!Action Pact! were an English punk rock band formed in Stanwell, England in 1981 (originally as The Bad Samaritans). It all started with the Big Bang. The Universe was created, gasses started to fuse, forming the planets, earth ... (er, you don’t have to go back quite THAT far, a recent history will do. Ed). Ok. It’s 1890. Rock ‘n Roll is 60 years away, … (better, but I think you can improve on this. Ed). 1979? (almost. Ed). It’s 1981 (Ta-daaa. Ed). Thatcherism is yet to grip the nation in a ful...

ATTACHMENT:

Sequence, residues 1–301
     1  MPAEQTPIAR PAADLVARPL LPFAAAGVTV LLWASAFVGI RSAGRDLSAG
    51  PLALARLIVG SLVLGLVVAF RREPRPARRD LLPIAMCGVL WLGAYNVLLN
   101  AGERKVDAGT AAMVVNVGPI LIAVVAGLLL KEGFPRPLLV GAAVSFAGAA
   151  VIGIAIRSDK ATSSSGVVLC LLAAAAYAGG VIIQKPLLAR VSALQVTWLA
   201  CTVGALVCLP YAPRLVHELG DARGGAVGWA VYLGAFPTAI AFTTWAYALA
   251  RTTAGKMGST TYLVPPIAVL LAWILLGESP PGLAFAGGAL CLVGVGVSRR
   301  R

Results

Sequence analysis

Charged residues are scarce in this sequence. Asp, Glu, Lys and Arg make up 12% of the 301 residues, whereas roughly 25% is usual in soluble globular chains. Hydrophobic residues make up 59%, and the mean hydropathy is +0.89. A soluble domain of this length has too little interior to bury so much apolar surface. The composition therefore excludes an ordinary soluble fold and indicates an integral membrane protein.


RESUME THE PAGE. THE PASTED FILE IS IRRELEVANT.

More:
!Action Pact! were an English punk rock band formed in Stanwell, England in 1981 (originally as The Bad Samaritans). It all started with the Big Bang. The Universe was created, gasses started to fuse, forming the planets, earth ... (er, you don’t have to go back quite THAT far, a recent history will do. Ed). Ok. It’s 1890. Rock ‘n Roll is 60 years away, … (better, but I think you can improve on this. Ed). 1979? (almost. Ed). It’s 1981 (Ta-daaa. Ed). Thatcherism is yet to grip the nation in a full-on headlock and half-choke it to death. !Action Pact! rose from the ashes of the Bad Samaritans, with the aim of lightening the mood of a youth, depressed by unemployment, the rise in tribal violence, the Cold War and Duran Duran. The first line-up comprised George Cheex, Wild Planet, Dr Phibes and Joe Fungus, and their first recording, a split single with Dead Man's Shadow, featured "London Bouncers" and "All Purpose Action Footwear". Regular airings on John Peel's BBC Radio 1 programme, some gigs and a hint of coverage in the music press led to a deal with Jungle Records subsidiary Fallout, and a second single, the mighty Suicide Bag EP – this was the first !Action Pact! release to feature three tracks, two ‘serious’ and one ‘throwaway’. By mid-1982, the band had recorded two John Peel sessions and was gaining in popularity. Joe then decided he had had enough. Grimly Fiendish was recruited via the music press and the band picked up where they left off. A new EP, People, was recorded just before Christmas, and the first LP, Mercury Theatre-On the Air!, just after. Gigs were played in support of both releases. However, like Joe, Dr Phibes decided to leave, not for him the ritual of being in a band, but he continued to provide incisive and witty lyrics for the group to use. With the album Top 5 in the Indie Charts, the band were invited to do a session for David ‘Kid’ Jensen on Radio 1. Phil Langham, the band’s producer, and bassist/singer with The Dark, stood in on bass, under the name of Elvin Pelvin. The session was re-recorded, along with a new version of "London Bouncers", for release as a 12” EP. In the summer 1983, Phil, whose position was only ever temporary, was replaced on bass by Thistles, the last change in personnel until the band split in 1986. The band continued to tour sporadically, even playing to 5,000 people at the Futurama Festival in Leeds, alongside New Model Army, The Smiths and Killing Joke. A new EP was recorded in the Autumn, A Question of Choice, featuring the seminal "Suss of the Swiss". The next six months saw the band writing and rehearsing new material, interspersed with occasional gigs. Their second LP, Survival of the Fattest, was released early Autumn 1984, forcing the band out on the road again, including, for the first time, Europe. 1985 came and went. "Yet Another Dole Q Song" was released, making the Indie Top 10. More gigs, one last single, "Cocktail Credibility", which became "Single of the Week" in Melody Maker, no less. Otherwise relatively quiet, with the band writing and rehearsing new material for their third LP. However, by early 1986, it was clear that the band’s popularity was dwindling, and the record company had no interest in putting out a third LP. With that, the rhythm section departed for pastures new, effectively ending the band. Sorry, guys!
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